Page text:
So a good couple of years before we were engaged, our financial lives became almost completely shared. It helped that neither of us had much to our name—there wasn’t much worry about one of us stealing away with the other’s money. But even if one of us had been blessed with more money in the bank, I think we would have done it anyway. The arrangement was about trust and openness, about long-term timelines, and about combining our lives into a partnership.

Here’s what all of this looked like (and continued to look like up until four months ago, when we left our jobs to travel full-time for a year): We opened a joint checking account, a joint savings account (which we immediately split into savings sub-accounts for travel, education, and general savings), and two joint credit cards. Our paychecks went into our joint account. Once or twice each month, each savings account received an automatic transfer of money from the checking account.

We each retained the personal bank accounts we had before the merge.  Birthday gifts and academic awards also went into our personal accounts, and each month we each received an automatic transfer from our joint checking account. Our personal accounts were ours to do with as we liked, with no oversight from the other person. (I suppose I would oversight the heck out of it if he decided to start using it to buy meth, or something like that, but pretty much anything else is fine and not really any of my business.) Up until we left our jobs this summer, he made significantly more than I did, so his personal account received more money than mine did (at my suggestion).

At the point when we merged everything, our only debts were my college and graduate school loans (I say “only” as though they weren’t significant —HA!) and plans for a joint car loan.  We considered all of this a part of our shared financial life, and payments for my loans started coming out of our joint account. At the time, he didn’t have any educational debt but was pretty sure he’d want to go back to graduate school eventually, so we figured our school debts might eventually even out. Or maybe they wouldn’t, but that would be okay.

After we set up the system, we vaguely determined guidelines for how money out of our joint accounts could be spent. There’s a lot of gray area here, for things like tampons or foods that only one of us likes, but for the most part we use the joint account unless it’s pretty clearly a personal purchase. I’m deathly allergic to nuts, for example, but my husband can certainly buy a container of almonds at the grocery store using our shared money, since it’s a pretty normal grocery-type purchase. If he started spending thousands of our joint account dollars on almonds, we’d have a problem, but if he saved up his personal spending money for months and then spent it all on almonds, that would be his prerogative. We try to distinguish between clothing items that are really needed (socks, underwear, work clothing, running shoes, etc.), which are purchased out of the joint account, and those that are more superfluous, which we each purchase ourselves. When one of us has picked up a new hobby or activity, we’ve just kind of done things however it seems reasonable—some things purchased personally, some jointly.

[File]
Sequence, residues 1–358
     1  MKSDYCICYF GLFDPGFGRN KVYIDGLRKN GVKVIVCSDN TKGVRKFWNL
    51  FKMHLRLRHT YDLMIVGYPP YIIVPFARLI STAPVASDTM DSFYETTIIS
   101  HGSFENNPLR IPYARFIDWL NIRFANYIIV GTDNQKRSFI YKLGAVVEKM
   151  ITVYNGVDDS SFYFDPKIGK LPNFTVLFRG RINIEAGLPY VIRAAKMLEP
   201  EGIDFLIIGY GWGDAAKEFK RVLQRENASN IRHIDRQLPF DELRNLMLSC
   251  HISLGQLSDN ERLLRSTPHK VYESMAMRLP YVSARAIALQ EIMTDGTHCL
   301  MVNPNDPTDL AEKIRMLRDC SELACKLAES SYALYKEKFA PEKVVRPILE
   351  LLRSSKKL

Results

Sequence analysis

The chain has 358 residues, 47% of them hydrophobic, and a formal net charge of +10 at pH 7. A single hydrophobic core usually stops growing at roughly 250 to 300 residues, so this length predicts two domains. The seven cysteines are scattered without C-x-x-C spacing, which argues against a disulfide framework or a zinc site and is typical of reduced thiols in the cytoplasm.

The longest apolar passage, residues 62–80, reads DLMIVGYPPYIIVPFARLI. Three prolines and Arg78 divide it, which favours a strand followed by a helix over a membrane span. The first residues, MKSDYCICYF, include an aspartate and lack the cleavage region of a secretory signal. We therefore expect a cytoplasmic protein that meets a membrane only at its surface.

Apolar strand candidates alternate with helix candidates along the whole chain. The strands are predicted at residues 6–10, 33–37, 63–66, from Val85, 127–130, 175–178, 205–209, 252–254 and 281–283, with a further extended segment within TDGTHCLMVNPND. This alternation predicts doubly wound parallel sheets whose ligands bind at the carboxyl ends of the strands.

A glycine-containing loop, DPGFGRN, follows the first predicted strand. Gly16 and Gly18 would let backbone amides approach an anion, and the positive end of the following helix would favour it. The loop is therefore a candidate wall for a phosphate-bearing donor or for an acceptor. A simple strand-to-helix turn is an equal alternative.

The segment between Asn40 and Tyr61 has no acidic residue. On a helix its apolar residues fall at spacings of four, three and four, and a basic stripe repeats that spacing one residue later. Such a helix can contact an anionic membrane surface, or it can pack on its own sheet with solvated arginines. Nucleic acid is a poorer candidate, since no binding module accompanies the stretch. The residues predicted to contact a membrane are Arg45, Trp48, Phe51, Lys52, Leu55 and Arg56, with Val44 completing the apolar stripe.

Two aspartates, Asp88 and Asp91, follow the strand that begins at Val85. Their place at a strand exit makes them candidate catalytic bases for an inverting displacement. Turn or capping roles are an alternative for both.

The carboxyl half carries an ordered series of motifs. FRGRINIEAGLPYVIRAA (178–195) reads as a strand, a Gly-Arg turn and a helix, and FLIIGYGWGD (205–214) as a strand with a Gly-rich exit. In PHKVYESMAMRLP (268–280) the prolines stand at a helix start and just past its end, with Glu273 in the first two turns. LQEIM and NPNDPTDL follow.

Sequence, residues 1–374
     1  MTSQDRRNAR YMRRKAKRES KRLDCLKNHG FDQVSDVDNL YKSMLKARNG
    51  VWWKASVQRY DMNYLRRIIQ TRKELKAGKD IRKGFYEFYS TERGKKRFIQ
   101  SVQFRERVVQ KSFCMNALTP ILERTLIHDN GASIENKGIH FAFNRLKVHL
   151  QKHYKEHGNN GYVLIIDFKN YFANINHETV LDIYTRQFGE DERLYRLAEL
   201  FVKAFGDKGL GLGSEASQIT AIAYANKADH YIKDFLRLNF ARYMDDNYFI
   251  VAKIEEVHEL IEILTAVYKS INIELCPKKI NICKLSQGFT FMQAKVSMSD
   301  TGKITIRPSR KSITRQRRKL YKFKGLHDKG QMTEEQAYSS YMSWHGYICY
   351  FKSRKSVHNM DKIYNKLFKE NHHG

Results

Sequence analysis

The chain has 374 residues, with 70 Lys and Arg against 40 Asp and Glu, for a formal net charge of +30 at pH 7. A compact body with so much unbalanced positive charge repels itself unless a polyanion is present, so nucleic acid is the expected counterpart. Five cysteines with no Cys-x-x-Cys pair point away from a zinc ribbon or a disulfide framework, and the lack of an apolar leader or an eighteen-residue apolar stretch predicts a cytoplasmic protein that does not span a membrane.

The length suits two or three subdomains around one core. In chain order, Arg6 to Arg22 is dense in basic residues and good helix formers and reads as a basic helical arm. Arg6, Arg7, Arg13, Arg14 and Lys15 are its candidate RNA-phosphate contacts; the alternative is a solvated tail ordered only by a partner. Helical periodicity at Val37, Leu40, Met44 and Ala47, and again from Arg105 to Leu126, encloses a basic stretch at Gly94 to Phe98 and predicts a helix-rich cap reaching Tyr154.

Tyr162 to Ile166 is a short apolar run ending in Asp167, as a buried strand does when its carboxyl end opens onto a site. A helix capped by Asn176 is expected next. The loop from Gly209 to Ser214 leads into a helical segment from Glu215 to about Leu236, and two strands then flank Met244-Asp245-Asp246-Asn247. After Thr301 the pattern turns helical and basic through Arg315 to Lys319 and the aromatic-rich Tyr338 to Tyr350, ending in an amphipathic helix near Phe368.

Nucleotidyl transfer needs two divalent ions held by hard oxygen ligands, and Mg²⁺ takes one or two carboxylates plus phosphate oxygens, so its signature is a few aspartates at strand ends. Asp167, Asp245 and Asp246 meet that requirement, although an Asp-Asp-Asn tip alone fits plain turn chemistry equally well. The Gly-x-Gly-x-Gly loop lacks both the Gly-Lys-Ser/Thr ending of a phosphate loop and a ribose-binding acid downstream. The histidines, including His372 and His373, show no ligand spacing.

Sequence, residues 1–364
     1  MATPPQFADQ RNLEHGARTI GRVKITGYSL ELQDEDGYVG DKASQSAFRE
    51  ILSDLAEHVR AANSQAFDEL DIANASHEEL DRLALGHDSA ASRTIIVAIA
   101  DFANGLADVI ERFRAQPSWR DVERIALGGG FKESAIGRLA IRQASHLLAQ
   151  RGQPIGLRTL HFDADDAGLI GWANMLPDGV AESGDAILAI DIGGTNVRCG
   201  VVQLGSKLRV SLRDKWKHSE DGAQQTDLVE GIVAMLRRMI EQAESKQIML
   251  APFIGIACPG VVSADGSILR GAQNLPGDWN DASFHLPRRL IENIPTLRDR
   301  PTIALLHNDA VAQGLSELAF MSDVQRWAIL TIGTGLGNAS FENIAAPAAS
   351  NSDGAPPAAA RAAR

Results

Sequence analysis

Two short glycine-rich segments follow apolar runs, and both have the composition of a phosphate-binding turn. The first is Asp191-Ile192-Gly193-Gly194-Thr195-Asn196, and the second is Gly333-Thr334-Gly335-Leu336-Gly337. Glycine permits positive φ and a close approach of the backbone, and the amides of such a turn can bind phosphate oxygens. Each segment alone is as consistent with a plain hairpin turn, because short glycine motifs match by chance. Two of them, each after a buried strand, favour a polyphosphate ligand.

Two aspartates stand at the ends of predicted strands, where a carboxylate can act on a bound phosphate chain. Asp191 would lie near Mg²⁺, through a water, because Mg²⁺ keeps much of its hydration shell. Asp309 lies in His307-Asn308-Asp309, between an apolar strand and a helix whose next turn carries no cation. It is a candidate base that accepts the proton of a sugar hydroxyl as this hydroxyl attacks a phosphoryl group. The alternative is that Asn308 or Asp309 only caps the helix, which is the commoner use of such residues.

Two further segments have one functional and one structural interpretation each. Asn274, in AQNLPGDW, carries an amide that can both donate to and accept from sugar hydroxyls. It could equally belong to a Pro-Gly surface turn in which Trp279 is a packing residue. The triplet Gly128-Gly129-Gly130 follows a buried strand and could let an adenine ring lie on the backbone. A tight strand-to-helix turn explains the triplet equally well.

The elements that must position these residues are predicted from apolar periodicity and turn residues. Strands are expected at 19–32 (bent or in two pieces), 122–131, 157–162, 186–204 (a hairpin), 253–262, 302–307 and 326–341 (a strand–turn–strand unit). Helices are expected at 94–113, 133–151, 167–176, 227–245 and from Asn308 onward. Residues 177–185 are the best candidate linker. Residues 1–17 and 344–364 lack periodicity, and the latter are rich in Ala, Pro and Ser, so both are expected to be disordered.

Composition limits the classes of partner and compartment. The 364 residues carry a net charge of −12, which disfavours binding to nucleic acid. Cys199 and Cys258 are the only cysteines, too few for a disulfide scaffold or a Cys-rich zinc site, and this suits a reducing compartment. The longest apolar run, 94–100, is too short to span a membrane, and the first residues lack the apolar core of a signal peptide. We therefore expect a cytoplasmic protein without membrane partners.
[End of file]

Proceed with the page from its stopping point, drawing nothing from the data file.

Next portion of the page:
Putting this whole system and ethos in place required conversations about spending habits and saving and debt and all kinds of financial issues, both day-to-day and long-term. We didn’t start our collective finances with any sort of specific budgets or timelines, and I think that’s part of what made this move so momentous in the self-definition of our relationship. It required that we have trust and understanding for each other in order for it to all work, and it required that we share intimate details about how we live our lives. We don’t tell each other how much we can spend on things, but we entered into all of this with a commitment to be respectful, honest, and reasonable in our spending habits. We each have weaknesses in our spending habits and have experienced ups and downs in our incomes, but by sharing our finances we agreed that each other’s gains and losses and risks and goals would be shared.